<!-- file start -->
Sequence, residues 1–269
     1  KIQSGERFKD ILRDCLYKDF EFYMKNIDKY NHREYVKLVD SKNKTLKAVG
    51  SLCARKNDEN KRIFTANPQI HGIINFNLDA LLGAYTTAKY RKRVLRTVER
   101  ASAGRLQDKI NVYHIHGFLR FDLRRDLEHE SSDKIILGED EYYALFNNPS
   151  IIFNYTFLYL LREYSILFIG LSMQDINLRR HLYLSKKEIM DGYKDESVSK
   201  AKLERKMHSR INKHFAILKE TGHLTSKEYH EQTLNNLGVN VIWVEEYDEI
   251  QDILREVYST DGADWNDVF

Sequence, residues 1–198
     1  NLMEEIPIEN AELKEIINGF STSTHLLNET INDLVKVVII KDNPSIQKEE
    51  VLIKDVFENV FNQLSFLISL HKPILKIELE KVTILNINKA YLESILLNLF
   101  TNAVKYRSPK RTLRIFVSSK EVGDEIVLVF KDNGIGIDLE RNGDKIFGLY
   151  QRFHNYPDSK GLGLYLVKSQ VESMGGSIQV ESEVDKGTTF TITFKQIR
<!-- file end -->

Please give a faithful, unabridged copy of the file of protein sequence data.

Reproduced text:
Sequence, residues 1–269
     1  KIQSGERFKD ILRDCLYKDF EFYMKNIDKY NHREYVKLVD SKNKTLKAVG
    51  SLCARKNDEN KRIFTANPQI HGIINFNLDA LLGAYTTAKY RKRVLRTVER
   101  ASAGRLQDKI NVYHIHGFLR FDLRRDLEHE SSDKIILGED EYYALFNNPS
   151  IIFNYTFLYL LREYSILFIG LSMQDINLRR HLYLSKKEIM DGYKDESVSK
   201  AKLERKMHSR INKHFAILKE TGHLTSKEYH EQTLNNLGVN VIWVEEYDEI
   251  QDILREVYST DGADWNDVF

Sequence, residues 1–198
     1  NLMEEIPIEN AELKEIINGF STSTHLLNET INDLVKVVII KDNPSIQKEE
    51  VLIKDVFENV FNQLSFLISL HKPILKIELE KVTILNINKA YLESILLNLF
   101  TNAVKYRSPK RTLRIFVSSK EVGDEIVLVF KDNGIGIDLE RNGDKIFGLY
   151  QRFHNYPDSK GLGLYLVKSQ VESMGGSIQV ESEVDKGTTF TITFKQIR